Here's how Ted Cruz inadvertently handed Kamala Harris a massive amount of power
Kamala Harris wins nomination for California Attorney General. (Steve Rhodes/Flickr)

With Democrats poised to win both Georgia Senate races, Vice President-elect Kamala Harris could become a crucial tie-breaking vote in an evenly divided Senate.

While this would ordinarily put Harris in a powerful position, Bloomberg News reporter Steven Dennis points out that Sen. Ted Cruz (R-TX) in 2017 inadvertently gave Harris even more power with his bid to expand the use of budget reconciliation to repeal the Affordable Care Act.

"In 2017, Ted Cruz invented a way for 2021's Kamala Harris to do, well, an awful lot," Dennis writes. "And all it requires is 50 Senate votes and using the existing Senate rules and budget law."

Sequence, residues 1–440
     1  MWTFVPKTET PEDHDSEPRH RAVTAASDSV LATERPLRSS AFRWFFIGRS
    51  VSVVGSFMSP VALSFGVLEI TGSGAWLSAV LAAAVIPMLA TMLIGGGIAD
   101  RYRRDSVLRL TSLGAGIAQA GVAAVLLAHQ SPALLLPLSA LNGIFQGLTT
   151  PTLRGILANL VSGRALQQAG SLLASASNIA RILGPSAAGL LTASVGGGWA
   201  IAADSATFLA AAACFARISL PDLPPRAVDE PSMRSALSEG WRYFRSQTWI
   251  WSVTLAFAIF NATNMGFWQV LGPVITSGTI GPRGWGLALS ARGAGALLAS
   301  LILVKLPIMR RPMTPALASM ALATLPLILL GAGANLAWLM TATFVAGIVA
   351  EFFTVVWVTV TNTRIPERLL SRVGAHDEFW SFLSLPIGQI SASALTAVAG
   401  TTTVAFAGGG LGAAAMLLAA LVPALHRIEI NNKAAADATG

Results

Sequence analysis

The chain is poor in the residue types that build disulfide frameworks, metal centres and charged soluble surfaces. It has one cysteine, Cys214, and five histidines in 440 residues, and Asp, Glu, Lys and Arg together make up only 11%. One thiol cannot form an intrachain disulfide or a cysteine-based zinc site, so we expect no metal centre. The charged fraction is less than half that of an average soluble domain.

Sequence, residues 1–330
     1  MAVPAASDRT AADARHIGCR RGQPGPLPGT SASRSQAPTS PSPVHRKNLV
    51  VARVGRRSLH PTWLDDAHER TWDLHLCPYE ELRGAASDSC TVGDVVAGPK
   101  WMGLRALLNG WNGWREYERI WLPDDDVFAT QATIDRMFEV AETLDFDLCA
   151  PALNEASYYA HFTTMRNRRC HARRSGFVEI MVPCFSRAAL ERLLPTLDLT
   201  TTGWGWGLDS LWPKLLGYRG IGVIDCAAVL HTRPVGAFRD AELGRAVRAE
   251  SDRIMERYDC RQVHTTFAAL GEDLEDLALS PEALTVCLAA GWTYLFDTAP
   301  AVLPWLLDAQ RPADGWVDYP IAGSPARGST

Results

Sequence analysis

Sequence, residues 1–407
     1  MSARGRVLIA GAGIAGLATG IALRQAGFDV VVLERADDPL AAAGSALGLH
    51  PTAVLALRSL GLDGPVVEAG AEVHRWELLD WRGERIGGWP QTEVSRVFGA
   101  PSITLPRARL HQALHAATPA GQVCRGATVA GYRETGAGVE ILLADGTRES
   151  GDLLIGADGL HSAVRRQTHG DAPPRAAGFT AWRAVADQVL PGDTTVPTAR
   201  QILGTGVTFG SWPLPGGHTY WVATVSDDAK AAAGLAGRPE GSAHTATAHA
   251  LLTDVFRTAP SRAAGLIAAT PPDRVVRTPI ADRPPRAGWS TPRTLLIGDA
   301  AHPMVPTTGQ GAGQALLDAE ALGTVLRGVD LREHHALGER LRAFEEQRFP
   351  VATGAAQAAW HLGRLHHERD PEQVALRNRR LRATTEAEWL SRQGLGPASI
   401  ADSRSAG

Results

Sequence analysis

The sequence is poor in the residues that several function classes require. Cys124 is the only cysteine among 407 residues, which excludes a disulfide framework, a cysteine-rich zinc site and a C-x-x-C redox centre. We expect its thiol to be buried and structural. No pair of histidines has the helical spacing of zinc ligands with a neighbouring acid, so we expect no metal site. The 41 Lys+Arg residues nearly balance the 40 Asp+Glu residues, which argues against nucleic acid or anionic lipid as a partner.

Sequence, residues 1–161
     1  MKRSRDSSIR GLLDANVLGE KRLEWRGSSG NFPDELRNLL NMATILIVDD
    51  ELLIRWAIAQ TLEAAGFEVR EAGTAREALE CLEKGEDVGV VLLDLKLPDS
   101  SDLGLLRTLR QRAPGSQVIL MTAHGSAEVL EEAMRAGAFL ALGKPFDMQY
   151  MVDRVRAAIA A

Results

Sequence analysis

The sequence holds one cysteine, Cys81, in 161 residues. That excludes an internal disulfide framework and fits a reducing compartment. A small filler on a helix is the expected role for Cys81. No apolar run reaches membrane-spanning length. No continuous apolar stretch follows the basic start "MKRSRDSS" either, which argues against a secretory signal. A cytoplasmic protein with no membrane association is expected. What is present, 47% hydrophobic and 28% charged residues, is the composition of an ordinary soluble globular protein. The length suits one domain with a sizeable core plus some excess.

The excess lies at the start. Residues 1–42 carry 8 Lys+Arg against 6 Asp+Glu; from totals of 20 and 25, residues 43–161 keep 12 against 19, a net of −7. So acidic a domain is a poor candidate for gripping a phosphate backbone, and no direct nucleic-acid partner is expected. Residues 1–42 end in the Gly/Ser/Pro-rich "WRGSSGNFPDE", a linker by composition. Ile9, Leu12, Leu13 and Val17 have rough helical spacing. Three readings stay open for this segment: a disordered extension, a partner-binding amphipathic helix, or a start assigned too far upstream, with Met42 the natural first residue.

The Bloomberg reporter then linked to one of his articles from four years ago that explained how Cruz's precedent-setting gambit to repeal Obamacare worked.

In particular, Cruz wanted to "lean on Vice President Mike Pence" in his role as the Senate president to bypass "procedural limits" that would have prevented the GOP from using budget reconciliation to enact a more comprehensive repeal of Obamacare.

"The move relies on a radical interpretation of the vice president's constitutional role as presiding officer of the Senate, where he could step in and effectively overrule the chamber's parliamentarian," the article notes. "It would resemble the so-called nuclear option of ending filibusters and risk fundamentally altering the way Congress works."

However, Dennis also writes that Cruz never got to put this plan into action because he never had 50 votes in the Senate for a full Obamacare repeal.

"The key to the Ted Cruz option is you need 50 votes and VP to go along," he writes. "He didn't have nearly 50 votes to take down all of the ACA, nor skinny repeal, and the Cruz option was effectively stillborn."